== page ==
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The Forgotten Affairs of Youth

An Isabel Dalhousie Novel (8)

by Alexander Mccall Smith

The Forgotten Affairs of Youth by Alexander Mccall Smith
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  • Published in USA  Dec 2011
    272 pages
    Genre: Novels

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Power Reviewer Cloggie Downunder (03/12/12)

McCall Smith never disappoints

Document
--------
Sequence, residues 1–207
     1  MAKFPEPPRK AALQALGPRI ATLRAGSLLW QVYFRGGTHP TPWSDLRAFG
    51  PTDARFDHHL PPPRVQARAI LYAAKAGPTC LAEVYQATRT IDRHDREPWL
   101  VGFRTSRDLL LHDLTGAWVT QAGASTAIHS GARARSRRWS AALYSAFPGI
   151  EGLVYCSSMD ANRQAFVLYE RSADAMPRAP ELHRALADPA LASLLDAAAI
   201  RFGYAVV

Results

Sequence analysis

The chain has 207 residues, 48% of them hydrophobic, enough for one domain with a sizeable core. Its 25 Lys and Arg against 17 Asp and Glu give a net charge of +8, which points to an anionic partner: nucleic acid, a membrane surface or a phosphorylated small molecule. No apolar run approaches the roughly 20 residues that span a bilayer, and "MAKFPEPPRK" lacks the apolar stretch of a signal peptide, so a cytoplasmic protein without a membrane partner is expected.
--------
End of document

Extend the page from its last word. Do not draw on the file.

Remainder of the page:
The Forgotten Affairs of Youth is the 8th of the Isabel Dalhousie series by Alexander McCall Smith. As always, Isabel’s life is full: she has articles to read for the Review if Applied Ethics, an instance of nepotism by Professor Lettuce to deal with, decisions to make about rising journal production costs, and 2½ year-old Charlie has started swearing. Learning of her niece, Cat’s latest liaison and wondering how many boyfriends is too many, Isabel mulls over her own forgotten affairs of youth: this segues neatly into the main plot, tracking down the long-lost parents of visiting Australian philosopher and adoptee, Jane Cooper. This time, however, Isabel’s “intermeddling” is, surprisingly, encouraged by Jamie, even though he wants her to realise she is not always right. Ultimately, she recognises she has once again done the right thing for the wrong reason. Along the way, we are treated to Isabel’s philosophical musings on many diverse subjects: being polite, or saying what you really feel; landscape painters taking artistic licence; the purpose of art; adoption; head lice; which bodily afflictions are too personal to talk about; sarcasm; swearing; wind turbines; jumping to conclusions; religion; children’s literature; dogs dreaming; metaphors; how to end arguments and knowing who you are. Cat is her usual superficial, difficult self; Isabel finds herself in the Emergency Department at the hospital; some humorous crossword clues are conceived; Isabel learns more about Professor from his nephew, Max; and, finally, a long-awaited event occurs. My favourite quote is “It’s very therapeutic for men to iron. Therapeutic for women, that is.” Plenty of gentle philosophy and bon mots like “people seek your advice only to confirm they are doing the right thing”. The dialogue between Isabel and Jamie and between Isabel and Grace is a wonderful source of humour: I almost had a coffee accident reading about Max Lettuce. I wonder, each time I start reading another McCall Smith book, if he can keep up the incredibly high standard he has set: so far he has not disappointed me.
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